The government will set aside $10 million in funding for high resolution cameras which detect drivers using mobile phones in next week's ACT Budget, as part of its longer-term "Vision Zero" road safety strategy.
The budget allocation is seen as sufficient to engage a supplier to deliver, install and maintain the cameras, as well as cover on-costs such as the staffing, associated information and awareness activities, and information and communications technology upgrades.
Confirmation of the camera roll-out comes as ACT Policing released data showing 1008 drivers were fined for using their mobile devices illegally last year, while 190 others received cautions.
However, traffic police privately conceded this represented only a very small proportion of the offending which occurred across the territory every day.
In NSW, the cameras have been in operation since December 1, 2019. Both mobile and fixed detection cameras were available from the manufacturer Acusensus, with the mobile unit mounted on a folding overhead gantry which could can be transported from one location to another.
Former ACT Road Safety Minister Shane Rattenbury said late last year NSW had done "most of the heavy lifting" in regards to the cameras' proof of concept, and this would make it relatively easy to duplicate this process in the ACT.
As occurred during the roll-out period in NSW, there would be a three-month "grace" period for ACT offenders during which warning letters would be issued and no fines or demerit points deducted. In NSW, more than 100,000 drivers were detected during the trial period.
The stipulations of the ACT government for the camera system were:
- All images of front seat passengers were pixelated and the cameras must not see into the rest of the car;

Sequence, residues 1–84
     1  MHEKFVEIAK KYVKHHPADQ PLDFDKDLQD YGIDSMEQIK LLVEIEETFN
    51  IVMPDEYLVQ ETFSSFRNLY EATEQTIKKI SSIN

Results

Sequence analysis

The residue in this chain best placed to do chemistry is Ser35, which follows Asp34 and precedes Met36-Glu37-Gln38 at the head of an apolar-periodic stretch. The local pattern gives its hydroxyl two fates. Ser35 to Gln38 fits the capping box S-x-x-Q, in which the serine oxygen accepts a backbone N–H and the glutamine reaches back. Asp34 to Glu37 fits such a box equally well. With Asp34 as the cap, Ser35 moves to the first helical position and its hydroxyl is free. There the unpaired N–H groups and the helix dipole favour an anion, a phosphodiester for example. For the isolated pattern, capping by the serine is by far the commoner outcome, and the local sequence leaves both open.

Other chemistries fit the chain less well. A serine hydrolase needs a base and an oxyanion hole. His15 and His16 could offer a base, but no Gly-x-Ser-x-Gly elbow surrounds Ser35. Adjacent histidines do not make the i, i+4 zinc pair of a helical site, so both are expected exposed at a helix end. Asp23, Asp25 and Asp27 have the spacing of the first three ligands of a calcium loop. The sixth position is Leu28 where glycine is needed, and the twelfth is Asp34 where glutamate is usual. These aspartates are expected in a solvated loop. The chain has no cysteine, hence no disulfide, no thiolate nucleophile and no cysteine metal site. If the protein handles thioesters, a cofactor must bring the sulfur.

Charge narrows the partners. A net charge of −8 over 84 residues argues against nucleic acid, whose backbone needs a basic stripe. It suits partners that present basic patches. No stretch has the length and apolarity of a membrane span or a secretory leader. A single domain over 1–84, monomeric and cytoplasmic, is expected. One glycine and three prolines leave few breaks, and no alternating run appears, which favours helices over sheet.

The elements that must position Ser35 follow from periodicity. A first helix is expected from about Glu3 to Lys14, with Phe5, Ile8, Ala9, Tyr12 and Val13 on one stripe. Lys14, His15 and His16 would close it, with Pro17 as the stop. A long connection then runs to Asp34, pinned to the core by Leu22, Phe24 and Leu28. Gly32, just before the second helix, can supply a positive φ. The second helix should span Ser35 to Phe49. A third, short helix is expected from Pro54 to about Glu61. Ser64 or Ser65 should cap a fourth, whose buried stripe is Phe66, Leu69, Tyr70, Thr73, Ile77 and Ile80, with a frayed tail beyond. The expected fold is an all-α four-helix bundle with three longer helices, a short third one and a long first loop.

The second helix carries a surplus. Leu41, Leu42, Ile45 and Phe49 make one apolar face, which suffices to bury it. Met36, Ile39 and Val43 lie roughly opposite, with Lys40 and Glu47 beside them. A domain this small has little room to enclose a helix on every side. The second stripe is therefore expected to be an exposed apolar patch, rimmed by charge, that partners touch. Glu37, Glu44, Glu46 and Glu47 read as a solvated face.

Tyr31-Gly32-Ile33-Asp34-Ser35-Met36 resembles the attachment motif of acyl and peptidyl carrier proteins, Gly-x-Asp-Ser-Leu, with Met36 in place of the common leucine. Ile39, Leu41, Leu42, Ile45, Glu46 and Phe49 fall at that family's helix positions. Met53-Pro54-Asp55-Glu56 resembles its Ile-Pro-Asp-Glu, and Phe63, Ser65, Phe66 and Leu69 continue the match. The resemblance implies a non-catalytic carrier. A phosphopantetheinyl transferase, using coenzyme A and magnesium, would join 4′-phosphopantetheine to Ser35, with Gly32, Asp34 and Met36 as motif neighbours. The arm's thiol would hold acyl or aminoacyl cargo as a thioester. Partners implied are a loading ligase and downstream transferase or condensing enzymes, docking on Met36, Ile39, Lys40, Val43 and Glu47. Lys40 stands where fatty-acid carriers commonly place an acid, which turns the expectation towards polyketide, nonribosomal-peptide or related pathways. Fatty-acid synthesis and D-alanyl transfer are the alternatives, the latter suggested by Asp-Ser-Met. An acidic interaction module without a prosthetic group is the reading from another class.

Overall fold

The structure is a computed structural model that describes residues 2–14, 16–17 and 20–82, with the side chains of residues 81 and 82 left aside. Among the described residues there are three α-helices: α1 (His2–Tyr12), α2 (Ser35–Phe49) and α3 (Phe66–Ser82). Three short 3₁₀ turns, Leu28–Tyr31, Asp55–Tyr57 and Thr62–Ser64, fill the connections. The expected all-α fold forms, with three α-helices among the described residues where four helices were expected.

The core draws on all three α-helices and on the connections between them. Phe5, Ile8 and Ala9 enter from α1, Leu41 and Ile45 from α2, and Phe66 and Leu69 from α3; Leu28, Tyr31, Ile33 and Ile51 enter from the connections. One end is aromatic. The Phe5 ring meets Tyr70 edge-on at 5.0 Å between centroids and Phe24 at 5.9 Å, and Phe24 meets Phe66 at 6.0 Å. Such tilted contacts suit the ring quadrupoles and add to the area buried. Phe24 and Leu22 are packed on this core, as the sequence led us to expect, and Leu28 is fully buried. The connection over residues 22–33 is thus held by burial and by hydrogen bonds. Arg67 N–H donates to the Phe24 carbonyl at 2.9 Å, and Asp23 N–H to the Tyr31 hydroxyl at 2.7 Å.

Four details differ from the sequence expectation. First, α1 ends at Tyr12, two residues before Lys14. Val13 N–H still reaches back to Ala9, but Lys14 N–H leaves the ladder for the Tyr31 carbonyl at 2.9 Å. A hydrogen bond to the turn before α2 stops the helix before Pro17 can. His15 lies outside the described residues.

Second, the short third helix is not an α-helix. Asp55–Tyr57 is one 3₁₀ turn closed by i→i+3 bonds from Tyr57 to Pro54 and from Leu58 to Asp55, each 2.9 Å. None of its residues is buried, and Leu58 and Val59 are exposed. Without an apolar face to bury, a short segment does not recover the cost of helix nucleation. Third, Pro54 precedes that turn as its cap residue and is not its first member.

- All images captured by the cameras that did not contain evidence of a mobile device use offence were rapidly and permanently deleted;
- Only the minimum amount of data required to detect and enforce offences was retained;
- There was a defined use and disclosure of images captured by the cameras; and
- Obligations were met for the secure protection and encryption of the images.
As occurred in NSW, changes to the Road Transport Act were needed to shift the onus of proof to the defendant.
Under the NSW amendment, the presumption was "any object that is held by (or resting on) a driver of a motor vehicle in a photograph taken by an approved camera, is a mobile phone for the purposes of a mobile phone use offence".
The cameras were cost-neutral to lease because of the income they generated.
ACT Transport Minister Chris Steel said road safety cameras used in conjunction with police enforcement would "play a critical role in addressing high-risk behaviours on our roads".
In the ACT, the offence carries a minimum fine of $480 and three demerit points. If the driver is using the mobile for social media or to surf the internet, the fine goes up to $588 with four demerit points.
"The penalties are significant, and reflect the risk that driver distraction poses to the community," Minister Steel said.
"Every accident that results in serious injury or death is a tragedy and costs the community in some way; including through heartache to family and friends, loss in productivity to our city's economy and increased pressure on our health system."
The detection cameras to be rolled out in the ACT were focused down at an angle which allowed them to "look" through the windscreen, and could screen up to three lanes of traffic.
The cameras take three infra-red photos and feed them through an algorithm which builds an "offence score" using artificial intelligence.